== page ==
and the other is that she can stay with us for a visit and hear all the
stories she wishes to hear.”

“Very good,” said the King. “Let us now hear the lost story.” And all
the Story People sat down to form a double circle.

With that the Story Lady, dressed like a butterfly, came dancing in.
The King opened the green bottle, took out the roll of paper and handed
it to her. She took her place at the end just where the circle closed,
and began to read aloud the lost story, which is entitled “The Bubble

LILLA walked through the garden, saying–

“I should like to be a princess,” for she had been reading a story
about a princess who had only to say “Come,” and anything she wished
for came at once.

It was a hot summer day, and she sat down on a mossy bank under an elm
tree thinking what she should wish for if she had the power of the
princess. All at once the garden seemed strange to her, and she heard a
voice saying:

“If you take a rose from me
You will then a princess be.”

She looked up and saw an aster growing in a green flower-pot which she
had never seen before; and on one of the flowers was perched a tiny

“And you can have everything you can wish for except one thing. If you
wish for that you will lose the rose.”

“And what is that?” asked Lilla, taking the rose which the fairy
offered her.

“You must never ask for soap bubbles.”

“Oh, soap bubbles? Of course, I shall not wish for them!” said Lilla.

“Whenever you want anything,” said the fairy, “just say:

“Rose, Rose, bring to me
Everything I wish to see.”

“You will be a princess as long as you keep the rose. But you must
never ask for soap bubbles. Good-by; now I must go back to my home.”

So the fairy went to Fairyland, and Lilla went home; but no one knew
her, because she was now a princess with long hair and a golden crown.

“I will go up to the castle on the hill,” thought Lilla; “princesses go
there to stay.”

At the castle they were expecting a princess, so they thought Lilla
must be the one who was coming, and they gave her a grand room, all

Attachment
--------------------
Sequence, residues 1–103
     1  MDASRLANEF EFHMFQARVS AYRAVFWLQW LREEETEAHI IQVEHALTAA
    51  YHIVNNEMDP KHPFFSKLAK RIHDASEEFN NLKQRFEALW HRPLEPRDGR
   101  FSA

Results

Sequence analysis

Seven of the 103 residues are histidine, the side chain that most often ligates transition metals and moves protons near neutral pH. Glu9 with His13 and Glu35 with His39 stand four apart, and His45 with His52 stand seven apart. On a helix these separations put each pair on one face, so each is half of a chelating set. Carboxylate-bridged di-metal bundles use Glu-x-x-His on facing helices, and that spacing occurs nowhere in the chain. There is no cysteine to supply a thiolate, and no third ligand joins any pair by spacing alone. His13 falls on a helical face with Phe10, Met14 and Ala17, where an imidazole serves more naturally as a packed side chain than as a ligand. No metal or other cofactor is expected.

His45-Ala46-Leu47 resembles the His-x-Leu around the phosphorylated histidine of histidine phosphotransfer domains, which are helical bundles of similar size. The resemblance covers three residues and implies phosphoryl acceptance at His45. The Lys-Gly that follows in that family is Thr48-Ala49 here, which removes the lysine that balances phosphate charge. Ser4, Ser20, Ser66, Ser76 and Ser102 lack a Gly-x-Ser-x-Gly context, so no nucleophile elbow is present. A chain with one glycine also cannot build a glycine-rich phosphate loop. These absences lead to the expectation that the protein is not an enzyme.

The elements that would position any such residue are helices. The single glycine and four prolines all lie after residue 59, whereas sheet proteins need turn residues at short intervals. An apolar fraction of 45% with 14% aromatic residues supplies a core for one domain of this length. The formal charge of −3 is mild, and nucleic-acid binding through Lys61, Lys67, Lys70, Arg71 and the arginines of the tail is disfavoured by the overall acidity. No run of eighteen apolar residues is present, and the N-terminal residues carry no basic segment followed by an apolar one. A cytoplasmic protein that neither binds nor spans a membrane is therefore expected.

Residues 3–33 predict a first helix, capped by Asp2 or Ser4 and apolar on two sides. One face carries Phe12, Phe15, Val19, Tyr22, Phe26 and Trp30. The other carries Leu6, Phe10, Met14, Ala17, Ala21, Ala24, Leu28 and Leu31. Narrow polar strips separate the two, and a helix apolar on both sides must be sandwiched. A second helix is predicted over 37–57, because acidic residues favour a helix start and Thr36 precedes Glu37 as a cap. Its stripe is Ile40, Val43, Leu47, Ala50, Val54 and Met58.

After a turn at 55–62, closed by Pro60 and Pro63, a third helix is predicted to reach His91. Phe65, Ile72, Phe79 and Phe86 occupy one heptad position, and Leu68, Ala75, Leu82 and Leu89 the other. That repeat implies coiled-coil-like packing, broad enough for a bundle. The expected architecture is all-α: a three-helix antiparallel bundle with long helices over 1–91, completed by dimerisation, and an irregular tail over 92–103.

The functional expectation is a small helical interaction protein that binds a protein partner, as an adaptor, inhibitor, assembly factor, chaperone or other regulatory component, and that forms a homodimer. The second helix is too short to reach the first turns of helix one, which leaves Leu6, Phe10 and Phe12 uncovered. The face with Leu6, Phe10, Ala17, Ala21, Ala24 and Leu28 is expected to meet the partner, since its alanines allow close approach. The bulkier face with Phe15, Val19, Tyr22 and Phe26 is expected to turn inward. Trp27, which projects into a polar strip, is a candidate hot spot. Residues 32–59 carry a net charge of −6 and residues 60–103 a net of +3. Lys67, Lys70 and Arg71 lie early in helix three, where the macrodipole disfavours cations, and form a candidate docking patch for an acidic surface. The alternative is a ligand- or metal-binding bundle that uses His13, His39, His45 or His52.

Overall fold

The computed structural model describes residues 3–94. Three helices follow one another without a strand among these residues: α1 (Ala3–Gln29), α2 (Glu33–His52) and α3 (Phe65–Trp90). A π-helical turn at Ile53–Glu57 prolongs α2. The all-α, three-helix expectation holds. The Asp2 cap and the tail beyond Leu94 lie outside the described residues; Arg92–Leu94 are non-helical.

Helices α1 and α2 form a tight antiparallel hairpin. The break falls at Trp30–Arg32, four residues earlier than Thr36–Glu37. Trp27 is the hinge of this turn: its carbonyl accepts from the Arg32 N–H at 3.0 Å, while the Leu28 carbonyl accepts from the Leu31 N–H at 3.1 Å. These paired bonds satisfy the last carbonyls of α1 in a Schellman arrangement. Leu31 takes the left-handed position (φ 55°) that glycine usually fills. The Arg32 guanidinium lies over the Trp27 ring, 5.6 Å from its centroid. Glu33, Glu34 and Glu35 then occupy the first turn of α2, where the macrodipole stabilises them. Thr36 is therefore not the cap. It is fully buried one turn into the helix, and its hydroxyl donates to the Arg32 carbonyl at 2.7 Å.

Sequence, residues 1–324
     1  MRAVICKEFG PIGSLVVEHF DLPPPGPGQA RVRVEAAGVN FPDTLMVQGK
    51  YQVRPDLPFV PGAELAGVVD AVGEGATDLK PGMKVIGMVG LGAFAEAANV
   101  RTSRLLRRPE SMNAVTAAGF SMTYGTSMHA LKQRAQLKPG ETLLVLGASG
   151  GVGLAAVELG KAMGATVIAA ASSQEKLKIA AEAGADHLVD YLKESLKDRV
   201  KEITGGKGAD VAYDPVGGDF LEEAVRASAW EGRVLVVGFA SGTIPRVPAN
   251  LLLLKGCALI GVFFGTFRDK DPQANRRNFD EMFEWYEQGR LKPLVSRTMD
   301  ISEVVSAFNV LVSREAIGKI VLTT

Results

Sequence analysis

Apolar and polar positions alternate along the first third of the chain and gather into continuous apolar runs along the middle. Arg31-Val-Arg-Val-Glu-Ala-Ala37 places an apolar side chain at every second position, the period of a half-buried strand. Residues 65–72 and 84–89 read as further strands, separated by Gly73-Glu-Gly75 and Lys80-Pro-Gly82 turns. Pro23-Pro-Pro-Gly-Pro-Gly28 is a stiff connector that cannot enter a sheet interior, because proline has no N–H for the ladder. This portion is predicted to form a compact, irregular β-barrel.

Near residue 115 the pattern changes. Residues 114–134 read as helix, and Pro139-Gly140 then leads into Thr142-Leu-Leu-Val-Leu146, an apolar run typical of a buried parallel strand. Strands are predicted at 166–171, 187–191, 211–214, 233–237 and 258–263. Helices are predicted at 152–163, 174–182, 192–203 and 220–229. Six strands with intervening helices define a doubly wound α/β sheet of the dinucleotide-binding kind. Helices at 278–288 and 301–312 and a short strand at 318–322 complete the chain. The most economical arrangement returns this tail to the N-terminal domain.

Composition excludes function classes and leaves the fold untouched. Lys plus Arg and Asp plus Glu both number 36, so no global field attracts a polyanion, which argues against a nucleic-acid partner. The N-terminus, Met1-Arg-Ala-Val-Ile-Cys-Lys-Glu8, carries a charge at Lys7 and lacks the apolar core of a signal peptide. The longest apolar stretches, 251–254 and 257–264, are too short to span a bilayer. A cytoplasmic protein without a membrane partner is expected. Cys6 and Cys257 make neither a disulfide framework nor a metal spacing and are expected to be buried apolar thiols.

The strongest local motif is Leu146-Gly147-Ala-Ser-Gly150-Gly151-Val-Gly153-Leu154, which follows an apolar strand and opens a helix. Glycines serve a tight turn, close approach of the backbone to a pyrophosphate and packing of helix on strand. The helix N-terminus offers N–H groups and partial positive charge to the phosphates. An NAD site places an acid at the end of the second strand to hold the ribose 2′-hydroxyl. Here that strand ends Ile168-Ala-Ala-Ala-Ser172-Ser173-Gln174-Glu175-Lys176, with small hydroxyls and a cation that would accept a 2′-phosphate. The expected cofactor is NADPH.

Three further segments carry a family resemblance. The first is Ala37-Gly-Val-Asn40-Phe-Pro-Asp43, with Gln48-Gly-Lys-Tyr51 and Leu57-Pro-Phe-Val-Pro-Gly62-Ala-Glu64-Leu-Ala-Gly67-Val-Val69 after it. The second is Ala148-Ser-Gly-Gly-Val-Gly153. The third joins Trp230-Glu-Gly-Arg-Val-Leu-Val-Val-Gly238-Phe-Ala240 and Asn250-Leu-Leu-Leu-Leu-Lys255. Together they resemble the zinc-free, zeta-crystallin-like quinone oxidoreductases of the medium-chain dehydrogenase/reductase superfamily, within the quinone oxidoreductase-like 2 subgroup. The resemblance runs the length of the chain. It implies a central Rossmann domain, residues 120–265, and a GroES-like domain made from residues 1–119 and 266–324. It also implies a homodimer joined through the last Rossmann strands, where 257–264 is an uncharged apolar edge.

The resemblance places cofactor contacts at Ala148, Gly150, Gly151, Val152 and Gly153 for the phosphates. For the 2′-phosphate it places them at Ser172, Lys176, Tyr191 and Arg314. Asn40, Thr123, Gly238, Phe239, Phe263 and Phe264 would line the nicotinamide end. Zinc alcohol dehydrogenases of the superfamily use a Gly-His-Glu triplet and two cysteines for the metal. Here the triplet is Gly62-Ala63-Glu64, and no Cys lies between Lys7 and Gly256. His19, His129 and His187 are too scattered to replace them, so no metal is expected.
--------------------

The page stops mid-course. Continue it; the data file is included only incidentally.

hung with velvet curtains, to sleep in. On the table was a silver box
which Lilla thought just right to keep her rose in.

“Now, I shall try what I can do with my rose,” thought Lilla. So she
thought of a box of toys, and said:

“Rose, Rose, bring to me
Everything I wish to see.”

Scarcely had she spoken when a maid came to say that a box had come for

When the box was opened, Lilla saw so many pretty things that she
thought she would like a Christmas tree to hang them on, and again she

“Rose, Rose, bring to me
Everything I wish to see.”

And in a few minutes a Christmas tree arrived hung all over with gold
and silver drops, and colored lights, and bonbons, and still more
bonbons, and gifts of all kinds.

The people at the castle had never seen such a beautiful Christmas
tree, and they were delighted with the gifts which Lilla divided among

Day after day Lilla asked her rose for something new, and every day
more and more beautiful things came, till not only her own room, but
the whole castle was full of them.

She gave them away to every one, for she soon grew tired of them.


Every day she was trying to think of something she did not have, but at
last there seemed nothing left to wish for.

That was when she began to long for–soap bubbles, which were the only
things she must not have.

“But how beautiful thousands of soap bubbles would look, floating about
in the sunshine with rainbow colors upon them,” she thought.

She could think of nothing else, and grew quite sad because she could
not ask for soap bubbles.

So one day, she went into the garden, taking her rose with her. “Shall
I ask? or shall I not?” she kept thinking, but she could not make up
her mind.